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For electric car startup Tesla Motors, it’s the little things that count in today’s ruling by a San Mateo County Superior Court judge, which essentially gives the green light for founder Martin Eberhard’s lawsuit against Tesla and CEO Elon Musk to proceed almost entirely intact. “Would we have liked to see the entire case dismissed? Yes,” Tesla spokesperson Rachel Konrad told us after the ruling today. “But we’re very happy about the founder issue,” she said, referring to the court’s decision to not define what it means to be a founder.
However, Tesla interpreted the ruling in its own way in a statement saying that “the judge struck down Eberhard’s claim asking to be ‘declared’ one of only two founders”. We asked Eberhard’s lawyer, Yosef Peretz, to comment on Tesla’s interpretation of the ruling and he said, “They can say whatever they want. They’ve been spinning this for months.”
On the other hand, Eberhard, can count some significant wins in today’s ruling: The court found that at least some of Eberhard’s libel and defamation claims, — including Musk’s statements that Eberhard caused Tesla’s financial troubles, left a mess when he departed from the company and caused delays in production of the electric Roadster — have enough merit that the lawsuit should not be thrown out.
The court also said it cannot dismiss Eberhard’s breach-of-contract claims, since that would require interpretation of the contract — again, not the court’s job at this point. And according to Peretz, his team can still argue in the next phase that it’s defamatory for Musk to state he is a founder of Tesla. That claim, he said, was not “struck down” today.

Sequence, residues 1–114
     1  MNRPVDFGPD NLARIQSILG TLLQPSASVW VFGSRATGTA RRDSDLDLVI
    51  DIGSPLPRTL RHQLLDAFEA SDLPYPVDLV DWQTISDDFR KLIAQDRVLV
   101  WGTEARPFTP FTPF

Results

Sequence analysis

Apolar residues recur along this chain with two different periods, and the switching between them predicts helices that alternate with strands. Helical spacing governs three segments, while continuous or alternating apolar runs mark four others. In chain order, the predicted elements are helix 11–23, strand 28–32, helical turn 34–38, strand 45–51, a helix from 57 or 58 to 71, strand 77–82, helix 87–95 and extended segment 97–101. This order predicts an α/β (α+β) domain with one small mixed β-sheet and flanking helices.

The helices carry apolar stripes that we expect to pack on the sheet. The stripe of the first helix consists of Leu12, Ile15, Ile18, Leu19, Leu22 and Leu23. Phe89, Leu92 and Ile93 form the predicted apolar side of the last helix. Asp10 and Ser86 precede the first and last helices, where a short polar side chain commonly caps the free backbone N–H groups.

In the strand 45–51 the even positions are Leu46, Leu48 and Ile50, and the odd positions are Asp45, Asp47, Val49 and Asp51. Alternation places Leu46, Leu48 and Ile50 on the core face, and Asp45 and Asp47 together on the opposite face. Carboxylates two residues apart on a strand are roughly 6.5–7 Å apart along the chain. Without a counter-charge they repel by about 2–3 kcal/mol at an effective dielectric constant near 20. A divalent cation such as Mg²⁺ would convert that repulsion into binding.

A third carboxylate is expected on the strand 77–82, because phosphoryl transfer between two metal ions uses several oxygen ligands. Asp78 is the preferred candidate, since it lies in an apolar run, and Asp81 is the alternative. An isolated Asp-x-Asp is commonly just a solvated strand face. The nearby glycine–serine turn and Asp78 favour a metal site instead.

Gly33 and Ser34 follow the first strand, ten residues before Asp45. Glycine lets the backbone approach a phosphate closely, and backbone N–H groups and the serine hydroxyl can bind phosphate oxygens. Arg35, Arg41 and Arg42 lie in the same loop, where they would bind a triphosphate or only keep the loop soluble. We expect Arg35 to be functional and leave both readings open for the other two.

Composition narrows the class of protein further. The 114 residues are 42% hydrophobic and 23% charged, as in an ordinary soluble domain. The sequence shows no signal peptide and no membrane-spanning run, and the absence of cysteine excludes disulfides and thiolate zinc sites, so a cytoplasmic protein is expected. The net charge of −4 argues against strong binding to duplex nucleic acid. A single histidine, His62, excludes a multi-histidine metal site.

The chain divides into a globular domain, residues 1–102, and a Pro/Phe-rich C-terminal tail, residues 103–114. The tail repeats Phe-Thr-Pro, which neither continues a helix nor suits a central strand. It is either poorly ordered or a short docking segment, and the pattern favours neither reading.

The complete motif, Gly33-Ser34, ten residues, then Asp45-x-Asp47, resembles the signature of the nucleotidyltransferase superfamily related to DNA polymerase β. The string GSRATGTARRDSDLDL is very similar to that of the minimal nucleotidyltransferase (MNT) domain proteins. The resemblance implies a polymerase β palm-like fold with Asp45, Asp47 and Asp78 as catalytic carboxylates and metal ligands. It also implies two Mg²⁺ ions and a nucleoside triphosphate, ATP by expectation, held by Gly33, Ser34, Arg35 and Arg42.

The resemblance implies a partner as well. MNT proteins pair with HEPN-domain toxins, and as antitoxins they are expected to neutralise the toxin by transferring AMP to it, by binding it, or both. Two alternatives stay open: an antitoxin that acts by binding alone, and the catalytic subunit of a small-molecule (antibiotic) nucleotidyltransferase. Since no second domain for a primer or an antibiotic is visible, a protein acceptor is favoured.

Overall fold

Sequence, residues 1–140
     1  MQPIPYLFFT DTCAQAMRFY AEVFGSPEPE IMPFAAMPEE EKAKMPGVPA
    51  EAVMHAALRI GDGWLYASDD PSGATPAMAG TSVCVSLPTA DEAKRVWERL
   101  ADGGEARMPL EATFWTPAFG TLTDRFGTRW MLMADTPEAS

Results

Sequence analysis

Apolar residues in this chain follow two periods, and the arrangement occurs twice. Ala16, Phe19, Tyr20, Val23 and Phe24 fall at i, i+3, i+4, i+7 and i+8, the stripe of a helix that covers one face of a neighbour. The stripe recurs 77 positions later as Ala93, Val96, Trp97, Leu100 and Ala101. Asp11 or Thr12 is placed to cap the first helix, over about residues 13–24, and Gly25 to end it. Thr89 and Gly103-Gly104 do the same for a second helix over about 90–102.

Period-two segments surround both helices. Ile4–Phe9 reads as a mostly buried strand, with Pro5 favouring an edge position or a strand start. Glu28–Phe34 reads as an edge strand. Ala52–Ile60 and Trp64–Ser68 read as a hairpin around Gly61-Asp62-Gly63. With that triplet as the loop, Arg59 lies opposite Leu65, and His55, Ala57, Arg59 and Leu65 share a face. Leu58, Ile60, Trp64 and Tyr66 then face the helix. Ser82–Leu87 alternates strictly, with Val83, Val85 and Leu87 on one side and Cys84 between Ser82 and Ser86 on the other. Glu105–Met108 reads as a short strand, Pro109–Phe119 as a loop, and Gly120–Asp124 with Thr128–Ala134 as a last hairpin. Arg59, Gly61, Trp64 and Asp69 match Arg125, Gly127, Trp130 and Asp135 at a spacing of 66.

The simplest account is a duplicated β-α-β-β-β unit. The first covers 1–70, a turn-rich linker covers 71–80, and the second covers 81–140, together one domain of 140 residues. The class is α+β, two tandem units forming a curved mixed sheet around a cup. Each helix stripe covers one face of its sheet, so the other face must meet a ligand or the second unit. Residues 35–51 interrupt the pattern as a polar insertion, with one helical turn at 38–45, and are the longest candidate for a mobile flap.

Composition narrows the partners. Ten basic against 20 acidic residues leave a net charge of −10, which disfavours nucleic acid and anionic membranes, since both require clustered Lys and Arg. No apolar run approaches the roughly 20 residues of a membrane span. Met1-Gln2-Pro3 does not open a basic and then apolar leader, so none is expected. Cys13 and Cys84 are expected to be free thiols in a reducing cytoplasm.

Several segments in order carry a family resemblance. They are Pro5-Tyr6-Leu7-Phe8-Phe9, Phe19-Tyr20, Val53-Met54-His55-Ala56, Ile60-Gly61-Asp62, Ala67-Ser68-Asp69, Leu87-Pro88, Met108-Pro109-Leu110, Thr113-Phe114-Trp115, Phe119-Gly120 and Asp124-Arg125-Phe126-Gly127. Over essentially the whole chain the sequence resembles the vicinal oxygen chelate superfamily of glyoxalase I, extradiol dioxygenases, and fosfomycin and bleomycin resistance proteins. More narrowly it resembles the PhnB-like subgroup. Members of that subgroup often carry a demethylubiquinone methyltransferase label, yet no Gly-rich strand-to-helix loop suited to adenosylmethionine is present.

Today’s ruling, however, is nothing close to a total victory in the grand scheme of the litigation process. In this situation — Tesla filed what’s called an anti-SLAPP (SLAPP stands for Strategic Lawsuit Against Public Participation) motion, arguing that Eberhard’s lawsuit represents an attempt to “curb open discourse” and violate free speech protections — the court requires “only a minimal showing of merit” on Eberhard’s claims to decide the case should not be thrown out before all the evidence has been weighed. “It’s a preliminary stage,” Peretz said, “but it’s a statement that no one can take away from Martin at this point.”
Tesla, meanwhile, is upping the stakes on the founder question this week in the public arena — possibly a sign of what’s to come in future court filings. In their filing for today’s hearing, lawyers for Musk and Tesla focused on the legal restrictions of using the founder label and raised the issue of “prior restraint,” a violation of free speech protections, as we’ve noted before. But Musk told the AP in an interview this week that he does have claim to the founder label, and Konrad reiterated that argument in our call today. Noting that there are many definitions for “founder,” she paraphrased one from Black’s Law Dictionary: “If you provide virtually all of the seed money for a company, you should be considered a founder,” she said, adding that as chairman, Musk “had a huge role internally even though day to day operations” were handled by company executives. “It’s not like Elon parachuted in.”
To read the tentative ruling on this lawsuit that the San Mateo County Superior Court upheld today, click here.